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Lt. James Simpson and Robert H. Kern, an artist, passed this way in 1849/Lee Dalton

A bit later, however, came the only jarring note of this trip. I was trying to doublecheck the names of some of the people who had helped make my stay more pleasant so I could thank them here in Traveler. That’s when one of the staff stepped in and told the person I was speaking with that if I planned to publish anything about El Morro, it could only come from someone in the superintendent’s office. This person should not be talking with me. That ruffed my feathers in the wrong direction, but rather than make an issue of it, I apologized and ended the conversation.

I had already gathered that the past problems I’d seen at El Morro had been due to some serious internal conflicts. I’m sure that even though personnel have changed since then, there is still a need in the political structure of the local administration to try to avoid any potential embarrassment. What better way to do that than to try to control what may be written by limiting who may speak with a writer?

I’m sorry, but to my mind, that is not the way it should be. Yet given the realities of modern life in such a politically packed arena as our national parks, I guess I can understand it. It was things like this that led me to leave the Service many years ago. I’m sorry that it still exists.

I also noticed, but didn’t ask about, an apparent absence of any interpretive programs at El Morro. The “Programs” section of the campground bulletin board was empty, and I never saw any sign of any interpreters on the trails. Even if formal guided walks are not offered, the presence of an interpreter on a trail provides not only protection for resources, it also helps visitors make a human connection with what they are seeing. Even though I was greeted with a much different welcome at the desk, I still wonder what all those people in uniforms are doing if none of them are available to interact with visitors along the Inscription Trail. I’m an outsider now, but looking at things from an experienced point of view, it appears that what might be needed is a little creative leadership that remembers when you wear an arrowhead on your sleeve people are looking to you for an experience they won’t soon forget. Those kinds of experiences don’t happen at an information desk.

I’m sure that if I’d had the chance to ask more questions, I might have been provided with some reasons for what was happening. But everyone who works to manage our parks needs to remember that sometimes there is a fine line between reasons and poor excuses. Shouldn’t the goal of any manager be to have a staff so well trained and feeling good enough about their jobs that one would not have to worry about what they might say – even to someone who might write about it?

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Mr. Long's carving is the most ornate at El Morro. He came by with Lt. Beale's Camel Corps/Lee Dalton

A few days later, I’d have an entirely different experience at Chaco Culture National Historical Park.

I also don’t think I’ll ever become accustomed to seeing law enforcement rangers armed to the teeth wandering through places like El Morro or Chaco or Hovenweep. I guess it may be necessary, but believe that if it is, then it’s a tragic necessity. At least, though, on one night at El Morro I did spot a young law enforcement ranger with a dark mustache and beard walking from one campsite to another and actually answering questions of an interpretive nature. Unfortunately, I was visiting the little house on the hill when he stopped at my humble abode, so I didn’t have a chance to talk to him. I’d have thanked him for getting out of his patrol truck and actually taking time to share with visitors stories of the place he protects.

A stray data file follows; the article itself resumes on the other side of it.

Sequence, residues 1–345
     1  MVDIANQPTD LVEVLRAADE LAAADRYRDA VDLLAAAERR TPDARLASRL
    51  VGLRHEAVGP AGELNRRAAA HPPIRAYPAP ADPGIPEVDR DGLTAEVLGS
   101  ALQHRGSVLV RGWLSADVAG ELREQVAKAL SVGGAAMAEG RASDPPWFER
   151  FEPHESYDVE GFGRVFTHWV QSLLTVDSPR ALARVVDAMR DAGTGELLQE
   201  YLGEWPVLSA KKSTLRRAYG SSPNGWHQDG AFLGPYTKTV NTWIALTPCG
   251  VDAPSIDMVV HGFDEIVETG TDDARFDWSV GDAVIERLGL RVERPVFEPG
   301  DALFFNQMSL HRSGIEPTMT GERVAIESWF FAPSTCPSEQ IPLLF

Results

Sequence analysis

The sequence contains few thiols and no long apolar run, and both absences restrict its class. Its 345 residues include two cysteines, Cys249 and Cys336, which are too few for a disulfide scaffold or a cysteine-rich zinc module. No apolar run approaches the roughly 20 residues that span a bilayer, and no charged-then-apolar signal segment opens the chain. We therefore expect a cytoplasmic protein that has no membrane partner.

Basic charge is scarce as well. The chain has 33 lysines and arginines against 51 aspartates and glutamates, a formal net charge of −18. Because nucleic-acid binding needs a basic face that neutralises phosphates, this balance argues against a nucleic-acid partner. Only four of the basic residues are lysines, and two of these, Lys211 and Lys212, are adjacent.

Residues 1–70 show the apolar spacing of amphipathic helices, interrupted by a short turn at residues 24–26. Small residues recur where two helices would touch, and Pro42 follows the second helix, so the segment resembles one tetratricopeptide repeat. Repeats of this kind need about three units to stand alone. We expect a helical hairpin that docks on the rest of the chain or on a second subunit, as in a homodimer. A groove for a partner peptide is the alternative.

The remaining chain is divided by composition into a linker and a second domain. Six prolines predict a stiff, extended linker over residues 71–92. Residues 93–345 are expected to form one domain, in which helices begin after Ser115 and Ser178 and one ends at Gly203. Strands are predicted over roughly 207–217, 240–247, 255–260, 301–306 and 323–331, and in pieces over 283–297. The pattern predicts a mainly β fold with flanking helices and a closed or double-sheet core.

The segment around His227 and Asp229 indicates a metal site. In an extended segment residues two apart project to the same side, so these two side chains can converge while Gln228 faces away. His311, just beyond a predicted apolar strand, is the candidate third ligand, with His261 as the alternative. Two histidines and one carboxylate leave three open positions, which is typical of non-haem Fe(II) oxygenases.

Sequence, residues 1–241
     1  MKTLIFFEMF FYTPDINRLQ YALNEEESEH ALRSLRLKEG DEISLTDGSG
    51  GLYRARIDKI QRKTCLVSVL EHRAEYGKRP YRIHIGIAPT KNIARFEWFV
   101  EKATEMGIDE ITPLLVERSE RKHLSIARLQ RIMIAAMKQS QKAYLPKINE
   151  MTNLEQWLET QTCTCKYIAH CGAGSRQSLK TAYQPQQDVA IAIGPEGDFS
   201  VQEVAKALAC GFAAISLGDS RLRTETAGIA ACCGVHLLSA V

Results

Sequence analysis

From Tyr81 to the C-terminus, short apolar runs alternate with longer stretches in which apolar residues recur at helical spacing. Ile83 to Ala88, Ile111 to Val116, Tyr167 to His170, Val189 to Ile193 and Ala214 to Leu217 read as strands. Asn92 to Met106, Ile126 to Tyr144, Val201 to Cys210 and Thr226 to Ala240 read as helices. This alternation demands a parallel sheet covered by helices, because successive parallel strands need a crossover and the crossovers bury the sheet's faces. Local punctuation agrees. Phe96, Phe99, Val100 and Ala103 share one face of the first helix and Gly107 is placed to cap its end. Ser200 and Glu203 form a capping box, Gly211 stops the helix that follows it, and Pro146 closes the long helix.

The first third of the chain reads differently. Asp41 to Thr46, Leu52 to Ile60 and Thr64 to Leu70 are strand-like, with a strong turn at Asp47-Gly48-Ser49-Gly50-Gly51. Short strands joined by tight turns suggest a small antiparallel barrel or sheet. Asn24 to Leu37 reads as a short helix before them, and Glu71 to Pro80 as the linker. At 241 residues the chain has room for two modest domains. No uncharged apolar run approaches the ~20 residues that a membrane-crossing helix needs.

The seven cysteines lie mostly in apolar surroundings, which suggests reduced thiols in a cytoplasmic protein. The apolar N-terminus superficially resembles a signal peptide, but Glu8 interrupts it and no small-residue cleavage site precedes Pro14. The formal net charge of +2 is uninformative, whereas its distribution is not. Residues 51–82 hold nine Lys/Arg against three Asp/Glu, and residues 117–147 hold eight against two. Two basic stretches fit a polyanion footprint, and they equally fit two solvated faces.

To me, the don’t talk incident only served to make my mission to spotlight and thank the peasants of the Service, the ones whose boots are on the ground and whose sweat falls on park trails instead of an air-conditioned office desk somewhere are all the more important. And I also know that I may be wrong or unfair in drawing some of the conclusions I’ve made here. Perhaps I’d have written something entirely different if I’d felt comfortable asking more questions.

I hope I won’t cause problems for anyone if I thank the people wearing green and gray at El Morro – even if I don’t have official permission.

So thank you, Rick Best, C. Chimoni, Jeremiah Maybee, Frankie Anderson, Wendy Gordge, the mustachioed law enforcement ranger, and Margie Whose-Last-Name-Shall-Be-Unknown. Thank you, too, to all the rest of those I didn’t meet who also labor at El Morro, whether they wear flat hats or hard hats. And thank you, also, to those who inhabit the Big Office in far away Grants.

Thank you all for working so hard to protect our special places. Thank you, too, for being courageous enough to be willing to stand up under the winds of political storms that may come your way. It ain’t easy, that’s for sure.

It’s because of folks like all of you that I had the chance last night to sit in a peaceful campground and think to myself, “This is the way it should be!”

Even if, sometimes, we could do even better.

Comments

Thank you Lee for a very informative article. It is disconcerting to think that even at El Morro, a park ranger tells an employee not to answer a question or discuss an issue with you. It is interesting to me that the the citizens pay for all this, but some public service employees have the attitude that secrets must be kept from their employers. The VA hospital issue a very good example. In any case, I now have El Morro on my list, thank you again.

Charming article and I'm so glad you were able to retrace old memories.